I'm more discombobulated than usual on this series, I totally missed the third article in the series when I should have gotten to it (this, btw, is why Raymond writes his stuff 8 months in advance - it lets him fix stuff like this).
So consider this post the 2nd in the series (the first is "Software Contracts", the second is "there are two sides to every contract", this is the 3rd, the 4th is "Sometimes contracts are subtle", etc...).
Why do we care about software contracts?
Well, for the exact same reason we care about real-world contracts. Contracts define the expectations between two parties. Without fully understanding the contract for a function, you don't know how to correctly call it.
Take the ReadFile example I mentioned the other day. The ReadFile contract tells you which parameters to the function MUST be provided (hFile, lpBuffer, nNumberOfBytesRead), which MAY be provided (lpNumberOfBytesRead and lpOverlapped). It also includes how you determne if the function succeded or not (or if the function has success/failure semantics).
We're so used to interpreting software contracts that they become ingrained. Normally, we don't even bother think about them, and for the most part, you don't need to wonder about them (just like in real world contracts).
However the instant you step outside the simplest case, understanding the contract for an API becomes critical.
As a simple example, consider one small aspect of the contract for the standard C++ library (from "Thread Safety in the Standard C++ Library"):
A single object is thread safe for reading from multiple threads. For example, given an object A, it is safe to read A from thread 1 and from thread 2 simultaneously.
If a single object is being written to by one thread, then all reads and writes to that object on the same or other threads must be protected. For example, given an object A, if thread 1 is writing to A, then thread 2 must be prevented from reading from or writing to A.
It is safe to read and write to one instance of a type even if another thread is reading or writing to a different instance of the same type. For example, given objects A and B of the same type, it is safe if A is being written in thread 1 and B is being read in thread 2.
These rules concisely lay out the threading guarantees for C++ library functions (to be honest, I really like this version of the text, usually I just hear it written as "An object is thread safe for reading from multiple threads or writing from a single thread").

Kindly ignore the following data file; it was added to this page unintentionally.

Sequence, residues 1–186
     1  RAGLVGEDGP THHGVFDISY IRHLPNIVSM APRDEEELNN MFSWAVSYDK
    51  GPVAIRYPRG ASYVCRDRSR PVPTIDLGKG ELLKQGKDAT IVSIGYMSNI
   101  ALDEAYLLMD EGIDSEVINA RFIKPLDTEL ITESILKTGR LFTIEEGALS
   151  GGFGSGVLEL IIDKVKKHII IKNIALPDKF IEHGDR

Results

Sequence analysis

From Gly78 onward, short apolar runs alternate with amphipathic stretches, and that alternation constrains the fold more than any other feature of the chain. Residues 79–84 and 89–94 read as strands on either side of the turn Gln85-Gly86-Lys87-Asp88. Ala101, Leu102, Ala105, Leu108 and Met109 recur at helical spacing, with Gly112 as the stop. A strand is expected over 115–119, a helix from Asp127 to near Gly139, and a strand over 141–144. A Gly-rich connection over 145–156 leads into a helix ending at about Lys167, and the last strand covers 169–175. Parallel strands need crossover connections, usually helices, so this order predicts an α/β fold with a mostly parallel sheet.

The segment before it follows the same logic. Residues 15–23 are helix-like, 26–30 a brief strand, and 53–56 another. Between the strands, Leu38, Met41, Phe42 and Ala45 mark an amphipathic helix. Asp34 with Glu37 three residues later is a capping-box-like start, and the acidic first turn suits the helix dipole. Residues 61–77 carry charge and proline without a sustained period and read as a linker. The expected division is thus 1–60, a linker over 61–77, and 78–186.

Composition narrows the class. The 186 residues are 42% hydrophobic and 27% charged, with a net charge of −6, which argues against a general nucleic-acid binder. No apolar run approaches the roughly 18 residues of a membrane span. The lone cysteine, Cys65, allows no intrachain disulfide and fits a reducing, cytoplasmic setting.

You know from this part of the contract (which applies to the Microsoft implementation of the container classes (I don't know if it's in the standard, since I don't have a copy of the standard)) that you can have multiple readers of an object, but the instant you have a single writer, you need to add some kind of a lock to isolate the readers from the writers. On the other hand, you don't need a lock if all you're doing is reading the data.
Without this text being a part of the contract, you MUST assume that it's not possible to call the container classes in the C++ library from multiple threads (because the contract doesn't say that you can).
A failure to appreciate software contracts can result in a myriad of different bugs, including various and sundry security bugs. In my experience, most subtle, hard-to-diagnose bugs ultimately turn out to be caused by a misunderstanding about the contract associated with a function.
For example, it's long been known that strcpy is a haven for security bugs. One of the naive suggestions for fixing strcpy bugs is to simply replace the calls to strcpy with calls to strncpy. Unfortunately in many ways the strncpy API is just as bad as strcpy because it fills the destination string with null characters up until the length provided and doesn't ensure that the destination string is properly formed. But most people looking for a "safe" replacement for strcpy will ignore that part of the contract and thus introduce different security bugs while trying to fix existing problems (according to Michael Howard, this mistake has happened more than once in the wild).
If the people recommending replacing strcpy with strncpy fully understood the contract for strncpy, it's likely that they wouldn't have make that mistake (or would have added more caveats).